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The Value Control reporting page is located in the Analysis menu. It gives you a summary of all the campaign evaluations over the past 30 days and lists all the campaigns that have been launched using this feature.
You can activate Value Control for campaigns in the email editor.
Aggregated results for the last 30 experiments
This section presents an aggregated summary of the last 30 campaigns that used Value Control, giving you a statistically relevant overview of the value of your email strategy.
The figures represent the following metrics:
- Purchase rate uplift – The number of additional purchases that you would have missed out on, had the campaigns not been sent.
- Revenue uplift – The additional revenue that you would have missed out on, had the campaigns not been sent.
- Revenue per purchase uplift – The change in average order value generated by your email campaigns.
- Engagement rate uplift – The additional visits to your web shop that you would have missed out on, had the campaigns not been sent.
This table lists (up to) the last 30 campaigns sent using Value Control.
Each campaign is shown with the size of the test and control groups and the comparisons for the four main metrics:
- Purchase rate – The % of contacts who made a purchase.
- Revenue per purchase – The average order value of a purchase from that group.
- Revenue per person – The average revenue spread over all contacts in the group.
- Total additional revenue - The difference in revenue between the test group and the control group.
- Engagement rate – The % of contacts who visited the website.
In the Result column you have a simple visual aid to the campaign effectiveness:
Click to open the Value Control report for a single campaign.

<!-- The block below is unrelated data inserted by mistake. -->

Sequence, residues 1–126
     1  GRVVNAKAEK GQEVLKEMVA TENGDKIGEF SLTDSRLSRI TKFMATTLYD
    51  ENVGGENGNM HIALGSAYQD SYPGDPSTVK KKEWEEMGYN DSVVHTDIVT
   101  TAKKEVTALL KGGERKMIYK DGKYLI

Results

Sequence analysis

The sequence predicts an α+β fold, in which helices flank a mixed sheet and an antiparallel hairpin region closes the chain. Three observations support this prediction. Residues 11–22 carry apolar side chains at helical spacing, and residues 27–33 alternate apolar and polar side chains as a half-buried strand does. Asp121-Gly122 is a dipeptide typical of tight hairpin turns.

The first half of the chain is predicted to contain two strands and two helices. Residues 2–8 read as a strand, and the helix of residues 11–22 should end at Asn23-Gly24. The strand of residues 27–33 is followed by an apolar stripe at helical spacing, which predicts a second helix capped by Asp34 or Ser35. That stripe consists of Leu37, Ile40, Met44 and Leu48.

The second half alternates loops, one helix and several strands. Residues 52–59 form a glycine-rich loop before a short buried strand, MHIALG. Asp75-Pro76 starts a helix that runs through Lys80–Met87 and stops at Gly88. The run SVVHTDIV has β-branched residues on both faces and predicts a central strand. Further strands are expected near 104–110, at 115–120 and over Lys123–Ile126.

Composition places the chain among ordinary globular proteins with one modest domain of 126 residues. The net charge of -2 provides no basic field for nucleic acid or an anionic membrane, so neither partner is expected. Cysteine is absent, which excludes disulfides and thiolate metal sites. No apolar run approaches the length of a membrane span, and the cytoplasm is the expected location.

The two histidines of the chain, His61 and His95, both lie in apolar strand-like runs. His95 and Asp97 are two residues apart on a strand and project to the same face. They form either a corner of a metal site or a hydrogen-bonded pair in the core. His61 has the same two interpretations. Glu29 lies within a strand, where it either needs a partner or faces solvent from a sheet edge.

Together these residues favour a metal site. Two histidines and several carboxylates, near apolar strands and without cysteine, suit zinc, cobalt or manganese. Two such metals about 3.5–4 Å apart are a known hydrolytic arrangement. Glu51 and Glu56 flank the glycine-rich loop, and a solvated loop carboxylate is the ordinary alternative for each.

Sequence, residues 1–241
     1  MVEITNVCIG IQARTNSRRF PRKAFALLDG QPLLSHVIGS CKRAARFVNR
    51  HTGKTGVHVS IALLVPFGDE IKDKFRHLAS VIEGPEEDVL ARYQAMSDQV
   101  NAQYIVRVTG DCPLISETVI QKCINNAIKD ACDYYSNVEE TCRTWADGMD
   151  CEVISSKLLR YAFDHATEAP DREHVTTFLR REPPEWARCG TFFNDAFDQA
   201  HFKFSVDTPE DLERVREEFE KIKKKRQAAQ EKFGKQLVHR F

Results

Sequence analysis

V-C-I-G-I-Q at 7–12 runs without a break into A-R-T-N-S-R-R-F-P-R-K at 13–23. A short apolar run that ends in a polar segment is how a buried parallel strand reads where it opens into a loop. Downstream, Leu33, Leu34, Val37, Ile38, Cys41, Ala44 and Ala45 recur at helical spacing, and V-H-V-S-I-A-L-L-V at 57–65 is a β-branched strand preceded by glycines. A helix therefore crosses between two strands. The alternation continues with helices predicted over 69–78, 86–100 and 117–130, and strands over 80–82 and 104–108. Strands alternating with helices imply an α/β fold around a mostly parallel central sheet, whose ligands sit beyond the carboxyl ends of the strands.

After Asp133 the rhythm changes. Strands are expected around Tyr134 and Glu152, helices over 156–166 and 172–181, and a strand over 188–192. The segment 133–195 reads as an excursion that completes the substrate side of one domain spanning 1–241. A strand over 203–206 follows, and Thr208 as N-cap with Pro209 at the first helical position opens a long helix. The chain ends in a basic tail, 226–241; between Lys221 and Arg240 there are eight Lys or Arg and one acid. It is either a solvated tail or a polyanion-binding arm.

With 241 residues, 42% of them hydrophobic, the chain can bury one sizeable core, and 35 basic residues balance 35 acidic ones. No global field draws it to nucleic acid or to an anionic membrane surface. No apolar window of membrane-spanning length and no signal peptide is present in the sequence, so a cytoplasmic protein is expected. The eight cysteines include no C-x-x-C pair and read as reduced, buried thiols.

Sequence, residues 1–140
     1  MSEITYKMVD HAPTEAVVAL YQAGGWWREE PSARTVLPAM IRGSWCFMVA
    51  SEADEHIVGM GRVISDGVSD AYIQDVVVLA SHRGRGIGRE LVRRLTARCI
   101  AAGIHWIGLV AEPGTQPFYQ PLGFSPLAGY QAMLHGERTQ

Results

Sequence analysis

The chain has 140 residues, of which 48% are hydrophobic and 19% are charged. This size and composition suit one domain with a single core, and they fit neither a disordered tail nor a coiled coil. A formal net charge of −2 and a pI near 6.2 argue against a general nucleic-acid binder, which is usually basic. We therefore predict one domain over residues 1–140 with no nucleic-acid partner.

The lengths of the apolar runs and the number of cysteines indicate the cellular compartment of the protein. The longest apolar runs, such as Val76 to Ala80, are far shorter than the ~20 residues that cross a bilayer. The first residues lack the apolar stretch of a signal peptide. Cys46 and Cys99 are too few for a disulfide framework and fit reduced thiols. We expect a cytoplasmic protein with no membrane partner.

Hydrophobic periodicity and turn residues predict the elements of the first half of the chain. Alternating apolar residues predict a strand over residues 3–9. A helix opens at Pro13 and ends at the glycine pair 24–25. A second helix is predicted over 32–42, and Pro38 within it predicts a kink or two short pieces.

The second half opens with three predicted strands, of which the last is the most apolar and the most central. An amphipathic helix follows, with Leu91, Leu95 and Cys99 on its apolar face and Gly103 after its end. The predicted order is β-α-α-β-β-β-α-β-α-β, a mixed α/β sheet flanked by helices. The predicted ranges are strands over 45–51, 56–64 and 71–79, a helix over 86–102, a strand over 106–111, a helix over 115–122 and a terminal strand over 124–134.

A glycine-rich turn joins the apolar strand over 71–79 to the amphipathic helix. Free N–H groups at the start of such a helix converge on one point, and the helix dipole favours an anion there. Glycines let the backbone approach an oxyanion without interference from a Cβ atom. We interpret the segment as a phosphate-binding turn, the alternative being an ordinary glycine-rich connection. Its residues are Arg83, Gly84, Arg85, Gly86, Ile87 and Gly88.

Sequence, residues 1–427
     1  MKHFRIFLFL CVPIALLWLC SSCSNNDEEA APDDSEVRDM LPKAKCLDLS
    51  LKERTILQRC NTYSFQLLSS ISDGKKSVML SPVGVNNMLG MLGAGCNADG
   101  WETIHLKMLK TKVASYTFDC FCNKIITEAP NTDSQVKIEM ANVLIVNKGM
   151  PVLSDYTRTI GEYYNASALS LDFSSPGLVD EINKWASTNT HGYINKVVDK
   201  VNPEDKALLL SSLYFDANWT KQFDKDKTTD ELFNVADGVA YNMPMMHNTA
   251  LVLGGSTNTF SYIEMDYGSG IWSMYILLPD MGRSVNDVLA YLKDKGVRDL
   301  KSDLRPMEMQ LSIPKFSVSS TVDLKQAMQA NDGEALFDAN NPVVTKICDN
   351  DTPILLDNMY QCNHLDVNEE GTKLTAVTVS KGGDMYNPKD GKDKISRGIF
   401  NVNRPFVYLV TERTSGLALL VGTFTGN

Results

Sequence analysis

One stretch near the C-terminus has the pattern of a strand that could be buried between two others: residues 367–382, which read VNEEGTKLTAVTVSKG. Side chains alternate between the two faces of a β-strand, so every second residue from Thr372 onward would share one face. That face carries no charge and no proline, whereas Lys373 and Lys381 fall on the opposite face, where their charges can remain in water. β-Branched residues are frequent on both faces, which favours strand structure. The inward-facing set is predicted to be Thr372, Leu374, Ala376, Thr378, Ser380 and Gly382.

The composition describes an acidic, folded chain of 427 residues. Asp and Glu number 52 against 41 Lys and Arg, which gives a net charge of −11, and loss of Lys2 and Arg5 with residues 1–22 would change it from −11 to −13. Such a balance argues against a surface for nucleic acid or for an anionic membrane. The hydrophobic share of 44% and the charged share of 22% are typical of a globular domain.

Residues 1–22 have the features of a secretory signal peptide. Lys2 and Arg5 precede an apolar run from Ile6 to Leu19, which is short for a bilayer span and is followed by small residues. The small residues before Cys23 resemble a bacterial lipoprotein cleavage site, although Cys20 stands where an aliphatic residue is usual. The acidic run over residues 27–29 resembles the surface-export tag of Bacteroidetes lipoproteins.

The campaign reporting screen for Value Control is split up into three sections.
Here you have the details of when the campaign was launched and how many contacts were in the test and control groups, as well as an overview of the results.
Click the arrow to the left of the campaign title to return to the Email Analysis overview page.
You also have three more controls available in the upper right corner:
- View campaign report – Open the standard email analysis Results Summary page for that campaign.
- Calculate results for a segment – You can select a segment from the list and Value Control will add the data for that segment to the Detailed Results table (naturally this will only apply to contacts who are in that segment and the on launch list). Please note that this will not refresh the main campaign summary.
- Save as contact list – This creates two contact lists, one for the test group and one for the control group. These will appear on the Contact Lists page with the naming convention ‘campaign_name – Test group‘ and ‘campaign_name – Control group‘.
2. Comparison Charts
Here you can see the metrics for the test and controls groups side by side, as well as total figures for the impact that can be attributed to this campaign alone. For each chart the statistical confidence level is indicated, as well as the overall effect (positive or negative).
The difference between the two columns shows how much the campaign has affected your customers’ normal engagement and purchase patterns, and whether or not it was worth sending.
Above each chart you can see the difference between the two groups in absolute values (the % figures are % points).
Value Control also calculates whether or not each comparison is statistically relevant, and shows if the figures are above or below the 95% confidence level threshold.
Value Control is dependent on purchase data uploaded by Smart Insight. There are two scenarios where data load can affect Value Control:
- If there is no Smart Insight data loaded in the seven days prior to an experiment, the experiment will be cancelled in advance.
- If there is no data uploaded during the experiment, you will be informed that the experiment could not be conducted.
2. What does “Statistically relevant” mean?
A key term to understand when working with Value Control is how we determine if the results are statistically relevant. Based on the distribution of underlying data per contact and the variance of the behavior between the contacts, we establish the confidence level of the results.
A confidence level of 95%, for example, means that if you were to measure the effectiveness of the same campaign with 100 similar launch lists, you would expect to get the same result in at least 95 of the evaluations.
If the behavior is very “noisy”, i.e. with high variance in relation to the measured difference, the confidence level will usually be lower, and vice versa. These indicators are there to help you decide whether or not to take action based on these results.